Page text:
The Social & Artistic Nature of the Harlem Renaissance

The Social & Artistic Nature of the Harlem Renaissance
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  • 0:01 Travel Back in Time
  • 1:00 A Cultural Movement
  • 2:42 Experiments in Music &…
  • 4:25 High Art/Low Culture
  • 5:07 Lesson Summary
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Instructor: Ivy Roberts

Ivy Roberts is an adjunct instructor in English, film/media studies and interdisciplinary studies.

Learn about the key artistic and intellectual figures of the Harlem Renaissance. Explore the literature and art representative of the cultural Renaissance in 1920s Harlem and the historical context that brought about a rebirth of African-American culture.

Let's Travel Back in Time

So often with history, the contemporary moment will have used certain words and lingo to characterize a movement, but it will be remembered and memorialized under a different name, and the Harlem Renaissance is a great example of this. Harlem, an area of New York City located on the island of Manhattan, is a historically black neighborhood. In the 1920s, it was a vibrant center of African-American arts and culture.

Just like with the Renaissance of the Middle Ages, artists, intellectuals, political activists, and cultural iconoclasts associated with the Harlem Renaissance may not have recognized the gravity of the changes taking place during their lifetime, nor did they have the perspective to understand the influence that their work would have on the culture of the 20th century. Studying history is like time travel. Studying art history, just step into a museum and you're transported back. Open your eyes and see Harlem the way it was in the Roaring '20s.

A Cultural Movement

As a result of the Great Migration of the early 1900s, in which millions of African Americans from the rural American South moved to urban centers in the North and Midwest, areas such as Harlem, Philadelphia, Chicago, Detroit, Cincinnati, and St. Louis saw an influx in the African-American population. The diaspora, or dispersed population of African Americans in the South, relocated and reorganized during this period, transforming the face of their culture.

The signs of the times were most visible in Harlem. New Yorkers rallied around what they called the 'New Negro,' an iconic figure of racial pride, standing for everything black culture excelled toward. Time travelers like us can appreciate knowing the outcome of the 'New Negro' movement, which we recognize as the Harlem Renaissance, associated with such African American cultural leaders as W.E.B. Du Bois, Duke Ellington, and Langston Hughes.

The Harlem Renaissance movement was fueled by the production of a new art, literature, and music that represented the intellectual and creative spirit of the 'New Negro' identity. It was a cultural unification rather than a stylistic or aesthetic one, exemplified by innovation and experimentation in the arts, such as:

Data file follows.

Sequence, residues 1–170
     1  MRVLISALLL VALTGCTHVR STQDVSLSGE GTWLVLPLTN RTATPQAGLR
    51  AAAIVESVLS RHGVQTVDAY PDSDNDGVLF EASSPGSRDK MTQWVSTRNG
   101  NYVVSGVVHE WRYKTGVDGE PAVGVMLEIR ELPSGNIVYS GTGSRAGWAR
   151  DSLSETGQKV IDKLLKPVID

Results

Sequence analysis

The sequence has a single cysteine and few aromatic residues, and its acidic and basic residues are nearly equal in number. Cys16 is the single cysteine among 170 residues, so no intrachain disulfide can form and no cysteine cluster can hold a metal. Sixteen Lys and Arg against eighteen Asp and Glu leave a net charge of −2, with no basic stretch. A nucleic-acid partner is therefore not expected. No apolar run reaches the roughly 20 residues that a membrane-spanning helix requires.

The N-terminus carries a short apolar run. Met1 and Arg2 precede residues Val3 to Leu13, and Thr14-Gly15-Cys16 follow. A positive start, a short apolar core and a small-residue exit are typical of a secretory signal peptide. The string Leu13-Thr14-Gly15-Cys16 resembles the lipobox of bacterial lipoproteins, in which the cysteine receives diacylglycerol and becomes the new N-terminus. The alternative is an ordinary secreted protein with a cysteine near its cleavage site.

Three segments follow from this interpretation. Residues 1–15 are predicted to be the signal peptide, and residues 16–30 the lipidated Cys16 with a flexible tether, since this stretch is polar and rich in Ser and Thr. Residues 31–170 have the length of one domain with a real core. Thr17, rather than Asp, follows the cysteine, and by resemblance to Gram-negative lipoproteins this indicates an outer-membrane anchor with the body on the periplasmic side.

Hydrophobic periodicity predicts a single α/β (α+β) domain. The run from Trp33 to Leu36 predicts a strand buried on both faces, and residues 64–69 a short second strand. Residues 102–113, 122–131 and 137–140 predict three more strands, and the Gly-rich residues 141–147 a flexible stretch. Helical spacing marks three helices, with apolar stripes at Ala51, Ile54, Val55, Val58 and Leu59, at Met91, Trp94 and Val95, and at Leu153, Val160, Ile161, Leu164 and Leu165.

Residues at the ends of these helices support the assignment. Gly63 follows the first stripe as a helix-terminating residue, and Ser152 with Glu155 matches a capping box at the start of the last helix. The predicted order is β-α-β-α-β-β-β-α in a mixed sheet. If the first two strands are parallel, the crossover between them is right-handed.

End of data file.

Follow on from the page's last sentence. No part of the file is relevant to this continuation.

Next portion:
• Jazz and blues
  • Experimental literature and jazz poetry
  • Mural painting

W.E.B. Du Bois was a leading activist and intellectual. He founded and edited The Crisis, the journal of the NAACP, which published current events, poetry, and essays of culture and history. It was a key journal in the mission for racial equality and social reform, and a mouthpiece for the Harlem Renaissance.

Experiments in Music and Literature

W.E.B. Dubois encouraged African Americans emigrating from the South to express their creativity and voice their talent by both participating in the burgeoning culture of Harlem and on the pages of The Crisis. Among them was poet Langston Hughes. Also known as 'The Bard of Harlem,' Hughes crafted words that expressed the hardship of the Great Migration and the unique identity of the 'New Negro' during the Harlem Renaissance. He wrote:

'I, too, sing America.

I am the darker brother.

They send me to eat in the kitchen

When company comes,

But I laugh,

And eat well,

And grow strong.'

Hughes' poetry was also informed by the popular music and culture of Harlem. Jazz poetry was a precursor to the beat poetry of the 1960s, incorporating the rhythms and repetition of jazz music into the phrasing and rhyming schemes of a new kind of wordsmith. Hughes's 'The Weary Blues' in 1925 exemplifies the power that jazz poetry had:

'Droning a drowsy syncopated tune,

Rocking back and forth to a mellow croon,

I heard a Negro play.

Down on Lenox Avenue the other night

By the pale dull pallor of an old gas light

He did a lazy sway. . .

He did a lazy sway. . .

To the tune o' those Weary Blues.'

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